I’m with you. I love the airport! It means I’m going somewhere or have just returned and that is always a great feeling. Plus you always see such interesting characters – kids on their first school trip, retirees enjoying their golden years, newlyweds going on their honeymoon. Airports themselves can be pretty interesting too. My carry on is a bag with spinner wheels so it’s easy to transport through the terminals. This allows me to easily walk around to check out all the shops and see what food options are available. In Japan this is especially fun.

  5. Stevie Ching August 7, 2012 at 10:01 pm - Reply

    Bring my own soft blanket.
    Don’t trust airline blankets to be sanitary.
    Plus, on long delays in terminal, great to sleep on or sleep under.
    Rolled up, makes a pillow.
    Outside, it’s a coat while I wait for the shuttle.

  6. Joyce August 7, 2012 at 10:59 pm - Reply

    I LOVE airports too! They represent travel, adventure, and excitement. Even taking a friend to drop off at the airport is fun, although I would rather be the one leaving on a jet plane. For my 16th birthday (many years ago) I was given my choice of where to go for dinner — I chose to eat at a restaurant at the airport, where I could watch the planes departing.

  7. Warwick August 8, 2012 at 4:47 am - Reply

    Yes also love airports they are great for people and plane watching.
    My best bit of advise is to be polite and use your manners if your flight is delayed or you are late for your flight I find the airport and airline staff are more helpful if you don’t loose your temper at them.
    Also it’s worth getting an app for the airport you are leaving or flying to on your phone they are a great help with airport maps and depature gates and times.

  8. Callie Conrad August 8, 2012 at 8:20 am - Reply

    We always arrive early and like to pass the time at the airport by making a list of Celebrity Look-Alikes. You’d be surprised how many “almost” famous people we have seen rushing from terminal to terminal. Who knows, maybe someday we’ll even spot a real celebrity…hopefully Samantha Brown! ;)

  9. Jim Burnett August 8, 2012 at 7:34 pm - Reply

    I feel a little bit smarter knowing that my family and I travels like Samantha Brown!! Early flights, exercising in the terminals, games and lists and do not forget all the people watching!! Airports are what you make them and I choose to make them part of a fun environment and part of the vacation experience.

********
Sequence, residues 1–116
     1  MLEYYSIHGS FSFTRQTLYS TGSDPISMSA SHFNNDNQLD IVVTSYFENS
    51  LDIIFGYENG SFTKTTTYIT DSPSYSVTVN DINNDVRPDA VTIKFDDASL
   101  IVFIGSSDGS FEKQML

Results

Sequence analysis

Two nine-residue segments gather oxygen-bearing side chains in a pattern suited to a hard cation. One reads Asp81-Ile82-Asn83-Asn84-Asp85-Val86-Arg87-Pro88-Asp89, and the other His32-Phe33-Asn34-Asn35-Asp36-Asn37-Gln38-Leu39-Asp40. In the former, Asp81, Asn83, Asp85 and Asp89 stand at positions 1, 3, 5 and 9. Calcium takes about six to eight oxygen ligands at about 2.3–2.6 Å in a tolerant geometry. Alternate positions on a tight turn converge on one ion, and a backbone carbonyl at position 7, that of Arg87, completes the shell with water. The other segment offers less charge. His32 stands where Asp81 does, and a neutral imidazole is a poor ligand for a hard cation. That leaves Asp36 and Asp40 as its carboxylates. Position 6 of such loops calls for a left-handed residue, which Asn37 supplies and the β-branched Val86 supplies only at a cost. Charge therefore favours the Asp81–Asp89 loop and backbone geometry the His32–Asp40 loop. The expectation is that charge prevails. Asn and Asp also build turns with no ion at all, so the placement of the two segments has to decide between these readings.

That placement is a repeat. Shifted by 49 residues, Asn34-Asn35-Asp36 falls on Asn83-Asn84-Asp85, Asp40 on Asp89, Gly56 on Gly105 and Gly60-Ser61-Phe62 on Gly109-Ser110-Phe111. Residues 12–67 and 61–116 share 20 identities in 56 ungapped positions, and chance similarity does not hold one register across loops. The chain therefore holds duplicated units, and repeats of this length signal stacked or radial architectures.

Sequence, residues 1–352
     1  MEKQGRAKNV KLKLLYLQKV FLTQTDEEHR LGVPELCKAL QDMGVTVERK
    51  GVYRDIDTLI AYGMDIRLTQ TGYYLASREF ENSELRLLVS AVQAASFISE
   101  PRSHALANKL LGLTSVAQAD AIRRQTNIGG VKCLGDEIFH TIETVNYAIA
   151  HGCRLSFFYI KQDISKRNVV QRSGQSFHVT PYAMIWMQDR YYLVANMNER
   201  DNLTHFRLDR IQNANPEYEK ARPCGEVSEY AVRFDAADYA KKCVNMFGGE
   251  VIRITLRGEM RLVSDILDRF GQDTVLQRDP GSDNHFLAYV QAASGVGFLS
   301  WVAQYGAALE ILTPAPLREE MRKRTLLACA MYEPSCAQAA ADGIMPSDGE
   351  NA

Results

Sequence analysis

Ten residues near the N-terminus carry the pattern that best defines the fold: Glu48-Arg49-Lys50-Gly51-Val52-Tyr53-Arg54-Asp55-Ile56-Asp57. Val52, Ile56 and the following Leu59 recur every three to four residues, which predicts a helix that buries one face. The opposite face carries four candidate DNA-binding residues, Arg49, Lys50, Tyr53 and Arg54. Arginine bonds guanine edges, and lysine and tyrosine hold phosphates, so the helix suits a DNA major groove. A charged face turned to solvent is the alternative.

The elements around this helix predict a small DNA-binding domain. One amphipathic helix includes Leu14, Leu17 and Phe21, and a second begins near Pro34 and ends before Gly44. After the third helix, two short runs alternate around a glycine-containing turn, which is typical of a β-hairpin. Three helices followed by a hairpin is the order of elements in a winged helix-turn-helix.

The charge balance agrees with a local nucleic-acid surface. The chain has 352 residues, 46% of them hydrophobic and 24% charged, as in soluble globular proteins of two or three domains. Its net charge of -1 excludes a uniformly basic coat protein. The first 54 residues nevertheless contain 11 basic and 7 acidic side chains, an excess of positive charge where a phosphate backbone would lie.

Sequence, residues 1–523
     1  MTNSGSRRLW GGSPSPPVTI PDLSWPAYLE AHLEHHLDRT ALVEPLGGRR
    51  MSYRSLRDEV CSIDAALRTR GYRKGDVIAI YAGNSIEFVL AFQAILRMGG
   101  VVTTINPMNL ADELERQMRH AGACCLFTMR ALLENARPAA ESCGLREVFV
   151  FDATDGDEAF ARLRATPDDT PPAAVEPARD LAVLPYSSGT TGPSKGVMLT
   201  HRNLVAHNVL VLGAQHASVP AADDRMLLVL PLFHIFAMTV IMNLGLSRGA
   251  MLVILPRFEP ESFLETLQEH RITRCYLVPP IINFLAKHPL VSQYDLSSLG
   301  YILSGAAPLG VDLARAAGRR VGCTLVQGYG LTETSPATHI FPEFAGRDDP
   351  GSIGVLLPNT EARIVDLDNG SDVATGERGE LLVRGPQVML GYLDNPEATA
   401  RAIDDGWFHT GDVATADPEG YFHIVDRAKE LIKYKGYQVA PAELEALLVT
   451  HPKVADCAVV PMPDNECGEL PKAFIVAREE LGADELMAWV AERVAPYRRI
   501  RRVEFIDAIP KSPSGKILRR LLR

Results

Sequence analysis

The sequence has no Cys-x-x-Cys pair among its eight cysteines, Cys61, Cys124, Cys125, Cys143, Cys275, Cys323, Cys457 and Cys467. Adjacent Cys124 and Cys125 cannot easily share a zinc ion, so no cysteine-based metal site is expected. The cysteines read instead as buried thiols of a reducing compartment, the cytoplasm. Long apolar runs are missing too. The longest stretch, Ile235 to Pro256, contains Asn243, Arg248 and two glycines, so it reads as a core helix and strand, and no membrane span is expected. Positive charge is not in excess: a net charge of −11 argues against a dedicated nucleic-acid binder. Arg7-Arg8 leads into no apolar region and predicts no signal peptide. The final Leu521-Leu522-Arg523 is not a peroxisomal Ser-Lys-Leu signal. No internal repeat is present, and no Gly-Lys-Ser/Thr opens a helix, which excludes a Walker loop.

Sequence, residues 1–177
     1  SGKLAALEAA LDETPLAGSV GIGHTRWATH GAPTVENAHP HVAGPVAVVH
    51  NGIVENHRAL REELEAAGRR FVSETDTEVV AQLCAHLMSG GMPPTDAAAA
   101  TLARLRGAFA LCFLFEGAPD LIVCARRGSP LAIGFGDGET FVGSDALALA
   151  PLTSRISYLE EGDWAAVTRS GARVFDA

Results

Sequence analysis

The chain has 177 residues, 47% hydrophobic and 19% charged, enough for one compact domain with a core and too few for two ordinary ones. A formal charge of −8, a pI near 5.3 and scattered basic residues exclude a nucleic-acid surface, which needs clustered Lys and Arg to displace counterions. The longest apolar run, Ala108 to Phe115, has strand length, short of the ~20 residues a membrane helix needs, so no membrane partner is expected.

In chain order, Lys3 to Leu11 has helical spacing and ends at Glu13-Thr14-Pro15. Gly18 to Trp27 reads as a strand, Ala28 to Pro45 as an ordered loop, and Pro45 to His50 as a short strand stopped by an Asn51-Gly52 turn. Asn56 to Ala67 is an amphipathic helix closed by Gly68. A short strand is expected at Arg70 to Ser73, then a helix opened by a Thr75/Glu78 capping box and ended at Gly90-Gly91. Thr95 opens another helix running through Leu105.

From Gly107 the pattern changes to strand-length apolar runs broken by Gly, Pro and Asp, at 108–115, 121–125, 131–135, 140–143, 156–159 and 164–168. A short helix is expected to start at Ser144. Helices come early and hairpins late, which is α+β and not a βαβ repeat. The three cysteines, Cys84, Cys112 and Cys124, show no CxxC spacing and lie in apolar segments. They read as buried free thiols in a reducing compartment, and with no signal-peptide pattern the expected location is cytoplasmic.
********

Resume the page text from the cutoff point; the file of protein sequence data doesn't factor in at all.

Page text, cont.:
10. Cessy Meacham August 9, 2012 at 2:28 am - Reply

    Hi Samantha;Love your new web layout.
    Nice seeing you in Scottsdales AZ for the AMG Conference. You are the best!!!!
    Love this article, great Airport Survival tips,
    My 2 or 3 cents;
    In Rule #4, I would add, Travelers can always be stress free by using a Travel Agent to rebook, reissue and find their best connections, they can seat, enjoy a Margaritha or Mojito in the lounge Bar without making any long lines at the Airline counters ;) (wink)
    7- I also reccomend travelers to invest in their luggage to be light and easy to carry around in case they have to run and change gates last minute.
    8- Will be best to use Hand bags that allow you to free both hands , very useful when checking in, pulling the rest of baggage and when placing items in security (TSA) best are backpacks, or cross body bags,
    9- As Floridian, I rarely wear socks, but traveling is good to buy a dollar store pair of socks to walk trough security, perhaps in the plane and then dont feel so guilty to toss them away.
    10-I always travel with my Total Pillow,sqeezes in the backback,or I placed in the carry on handles,wont fall because is a close circle, gives great support for neck, back,elbows,great if you have to wait a long time at the gates.
    Cant wait to my next trip..going to India in September and as always will be sure to use your Traveling tips! Happy Travels!..Cessy

  11. Ashley August 28, 2012 at 11:45 am - Reply